Last week, GBNERR staff got a change in scenery; showing up to work at another beautiful New England estuary, Waquoit Bay, on Cape Cod. Educators, scientists, training professionals, and natural resource managers from the four National Estuarine Research Reserves in New England came together for two and a half days to share information and best practices, participate in joint training, and get to know our neighbor reserve a little bit better.
Waquoit Bay is stunning- the Reserve headquarters is a historic summer estate that sits on a bluff at the top of a picturesque bay. We started our meeting with lunch in their meeting room, a converted boathouse that sits right on the water’s edge. The unseasonably warm day and the brilliant sunshine bouncing off the bay made it difficult to buckle down and get to business. Not only is it beautiful, but Waquoit Bay is one of the most studied estuaries in New England, thanks to the proximity to the Woods Hole Oceanographic Institute and it’s designation as a NERR. The regional group spent time talking about different ways New England Reserves are monitoring estuarine conditions- using areal imagery to track saltmarsh changes, assessing the health of the trees that ring the saltmarsh, and learning from our NOAA partners about new trends in water level data. One particularly fascinating effort has been happening at Waquoit Bay and Wells NERRs- capturing changes in their “soundscape”. Reserves have been recording and analyzing the acoustic environment to create a baseline and look for changes through time. Great Bay is excited to explore if we can learn from our partner reserves and give this a try in New Hampshire in the coming year.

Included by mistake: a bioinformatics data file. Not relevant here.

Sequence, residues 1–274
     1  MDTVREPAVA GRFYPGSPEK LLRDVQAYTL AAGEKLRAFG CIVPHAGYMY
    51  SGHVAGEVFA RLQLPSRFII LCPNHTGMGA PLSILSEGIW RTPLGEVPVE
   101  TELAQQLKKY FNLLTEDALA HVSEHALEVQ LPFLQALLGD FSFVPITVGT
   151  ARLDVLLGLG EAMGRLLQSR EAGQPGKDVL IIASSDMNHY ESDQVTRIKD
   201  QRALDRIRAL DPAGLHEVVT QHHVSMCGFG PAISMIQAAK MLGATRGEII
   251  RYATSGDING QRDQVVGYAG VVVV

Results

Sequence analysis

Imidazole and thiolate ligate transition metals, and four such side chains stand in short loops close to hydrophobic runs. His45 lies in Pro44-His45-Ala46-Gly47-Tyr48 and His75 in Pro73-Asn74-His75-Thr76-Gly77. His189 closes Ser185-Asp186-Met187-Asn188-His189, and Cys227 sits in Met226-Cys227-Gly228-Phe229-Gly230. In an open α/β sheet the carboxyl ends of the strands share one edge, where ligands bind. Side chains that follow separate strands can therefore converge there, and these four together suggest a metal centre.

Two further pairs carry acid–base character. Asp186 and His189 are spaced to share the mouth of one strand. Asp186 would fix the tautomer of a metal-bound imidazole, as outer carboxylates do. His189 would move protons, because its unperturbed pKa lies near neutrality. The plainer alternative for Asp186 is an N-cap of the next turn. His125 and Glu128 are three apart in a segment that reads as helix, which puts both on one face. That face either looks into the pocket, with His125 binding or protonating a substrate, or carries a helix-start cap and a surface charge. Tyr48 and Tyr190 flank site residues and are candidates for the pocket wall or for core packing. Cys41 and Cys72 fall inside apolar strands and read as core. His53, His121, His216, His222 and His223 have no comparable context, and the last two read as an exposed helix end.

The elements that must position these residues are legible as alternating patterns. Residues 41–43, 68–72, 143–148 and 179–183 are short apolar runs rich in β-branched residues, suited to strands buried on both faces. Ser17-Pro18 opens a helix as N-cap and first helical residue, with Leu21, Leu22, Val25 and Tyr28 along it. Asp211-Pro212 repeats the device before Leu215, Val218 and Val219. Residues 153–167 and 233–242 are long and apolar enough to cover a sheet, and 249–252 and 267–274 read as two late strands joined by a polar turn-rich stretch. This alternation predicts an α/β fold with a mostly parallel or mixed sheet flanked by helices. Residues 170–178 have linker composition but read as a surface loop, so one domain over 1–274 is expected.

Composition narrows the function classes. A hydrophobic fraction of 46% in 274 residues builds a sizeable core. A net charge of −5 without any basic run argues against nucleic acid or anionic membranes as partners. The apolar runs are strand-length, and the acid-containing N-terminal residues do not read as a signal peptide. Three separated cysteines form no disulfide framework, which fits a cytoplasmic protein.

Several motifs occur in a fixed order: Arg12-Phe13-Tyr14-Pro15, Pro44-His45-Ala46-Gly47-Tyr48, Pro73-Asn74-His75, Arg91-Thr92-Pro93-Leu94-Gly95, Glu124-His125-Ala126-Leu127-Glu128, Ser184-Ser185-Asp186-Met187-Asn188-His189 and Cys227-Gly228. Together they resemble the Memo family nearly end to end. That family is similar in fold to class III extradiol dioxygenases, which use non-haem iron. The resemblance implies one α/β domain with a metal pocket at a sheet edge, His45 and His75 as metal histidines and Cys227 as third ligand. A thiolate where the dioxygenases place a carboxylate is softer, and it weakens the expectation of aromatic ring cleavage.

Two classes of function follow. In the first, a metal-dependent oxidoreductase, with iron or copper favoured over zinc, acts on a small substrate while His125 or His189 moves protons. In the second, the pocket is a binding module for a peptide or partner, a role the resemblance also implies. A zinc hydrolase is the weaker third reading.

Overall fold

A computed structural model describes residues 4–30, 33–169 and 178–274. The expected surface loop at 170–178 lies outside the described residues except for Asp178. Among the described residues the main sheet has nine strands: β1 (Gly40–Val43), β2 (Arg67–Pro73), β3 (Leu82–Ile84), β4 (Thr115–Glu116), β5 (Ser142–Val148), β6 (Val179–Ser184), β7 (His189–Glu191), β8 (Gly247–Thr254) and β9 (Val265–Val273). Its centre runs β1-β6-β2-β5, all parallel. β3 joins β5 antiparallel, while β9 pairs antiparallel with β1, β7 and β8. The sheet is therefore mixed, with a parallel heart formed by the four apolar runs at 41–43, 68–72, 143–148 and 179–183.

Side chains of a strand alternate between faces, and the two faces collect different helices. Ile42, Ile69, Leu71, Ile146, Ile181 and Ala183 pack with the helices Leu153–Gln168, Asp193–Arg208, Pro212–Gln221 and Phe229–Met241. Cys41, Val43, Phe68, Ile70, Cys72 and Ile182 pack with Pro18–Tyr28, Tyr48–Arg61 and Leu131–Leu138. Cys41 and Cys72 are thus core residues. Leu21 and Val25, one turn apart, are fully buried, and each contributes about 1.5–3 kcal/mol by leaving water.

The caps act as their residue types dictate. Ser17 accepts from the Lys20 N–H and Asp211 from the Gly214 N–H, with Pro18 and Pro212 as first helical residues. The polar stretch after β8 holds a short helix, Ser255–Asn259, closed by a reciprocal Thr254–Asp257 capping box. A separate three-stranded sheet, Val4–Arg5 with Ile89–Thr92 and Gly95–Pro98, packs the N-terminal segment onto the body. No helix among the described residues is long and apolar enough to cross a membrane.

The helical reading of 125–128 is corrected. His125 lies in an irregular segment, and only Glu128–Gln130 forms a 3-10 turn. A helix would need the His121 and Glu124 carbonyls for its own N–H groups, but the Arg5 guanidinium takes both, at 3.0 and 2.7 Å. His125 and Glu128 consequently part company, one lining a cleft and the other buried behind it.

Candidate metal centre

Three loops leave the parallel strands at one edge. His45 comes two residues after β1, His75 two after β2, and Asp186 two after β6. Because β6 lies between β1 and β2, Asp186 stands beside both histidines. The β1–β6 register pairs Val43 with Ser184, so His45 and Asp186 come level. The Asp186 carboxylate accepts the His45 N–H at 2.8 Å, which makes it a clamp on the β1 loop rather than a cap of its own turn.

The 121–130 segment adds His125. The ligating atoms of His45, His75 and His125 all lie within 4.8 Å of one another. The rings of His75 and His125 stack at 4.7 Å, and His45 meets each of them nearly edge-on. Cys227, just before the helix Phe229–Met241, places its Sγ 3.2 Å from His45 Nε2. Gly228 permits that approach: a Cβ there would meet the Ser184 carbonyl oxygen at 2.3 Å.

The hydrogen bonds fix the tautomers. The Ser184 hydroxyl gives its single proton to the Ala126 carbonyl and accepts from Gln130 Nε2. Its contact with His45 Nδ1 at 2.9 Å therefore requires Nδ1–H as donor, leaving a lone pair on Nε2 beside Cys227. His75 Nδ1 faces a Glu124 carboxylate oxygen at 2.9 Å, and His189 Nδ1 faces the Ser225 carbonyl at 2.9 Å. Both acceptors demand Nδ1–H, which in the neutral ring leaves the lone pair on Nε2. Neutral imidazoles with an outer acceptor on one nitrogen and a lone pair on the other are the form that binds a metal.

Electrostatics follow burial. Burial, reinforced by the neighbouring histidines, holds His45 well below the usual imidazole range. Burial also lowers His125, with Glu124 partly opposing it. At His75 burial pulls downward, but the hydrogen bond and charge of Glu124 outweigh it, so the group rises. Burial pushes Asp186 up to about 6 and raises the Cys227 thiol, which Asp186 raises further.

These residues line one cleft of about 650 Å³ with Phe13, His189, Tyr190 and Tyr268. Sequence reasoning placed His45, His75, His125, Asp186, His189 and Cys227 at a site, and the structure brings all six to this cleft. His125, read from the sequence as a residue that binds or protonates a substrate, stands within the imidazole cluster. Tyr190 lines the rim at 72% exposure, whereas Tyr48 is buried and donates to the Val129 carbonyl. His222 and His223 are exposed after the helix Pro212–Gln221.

Staff shared highlights from interesting projects or challenges in a speed round of presentations, compared tips and techniques with like-minded colleagues, discussed how we are preparing for disasters, and spent a morning doing service projects around the Waquoit Bay NERR. The meeting included meaty discussions on how to advance our science and education but also stretched participants to think about how to be more mindful and inclusive in everything we do. We started the meeting with a training on how to hold difficult discussions and each day started with a brief mindfulness exercise led by our own Steve Miller. The afternoon of the second day was dedicated to discussion of how each reserve and each person could more intentionally seek or invite diversity and inclusion in our Reserve activities.
These professional exchanges are a big part of what makes the collection of 29 Reserves around the country a system. By definition, a system is a group of regularly interacting and interdependent entities that form a unified whole. Having a network of people who share a mission and passion, work toward collective and distributed goals to advance coastal integrity, and get a chance to commiserate and celebrate together each year breeds a special bond. I know that without the engagement, advice, moral support and wisdom of our colleagues from other Reserves, we simply would not be the Great Bay NERR that we are today.